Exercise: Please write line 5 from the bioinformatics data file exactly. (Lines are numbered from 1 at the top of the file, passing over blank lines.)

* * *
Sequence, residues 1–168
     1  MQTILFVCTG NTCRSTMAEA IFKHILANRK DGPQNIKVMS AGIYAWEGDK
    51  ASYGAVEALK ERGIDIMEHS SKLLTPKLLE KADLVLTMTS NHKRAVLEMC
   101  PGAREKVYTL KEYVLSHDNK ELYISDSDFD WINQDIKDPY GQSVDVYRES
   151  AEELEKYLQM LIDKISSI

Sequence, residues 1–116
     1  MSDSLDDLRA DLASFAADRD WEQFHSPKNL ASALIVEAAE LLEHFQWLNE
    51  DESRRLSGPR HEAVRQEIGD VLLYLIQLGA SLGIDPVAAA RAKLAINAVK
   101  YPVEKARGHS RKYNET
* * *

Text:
   151  AEELEKYLQM LIDKISSI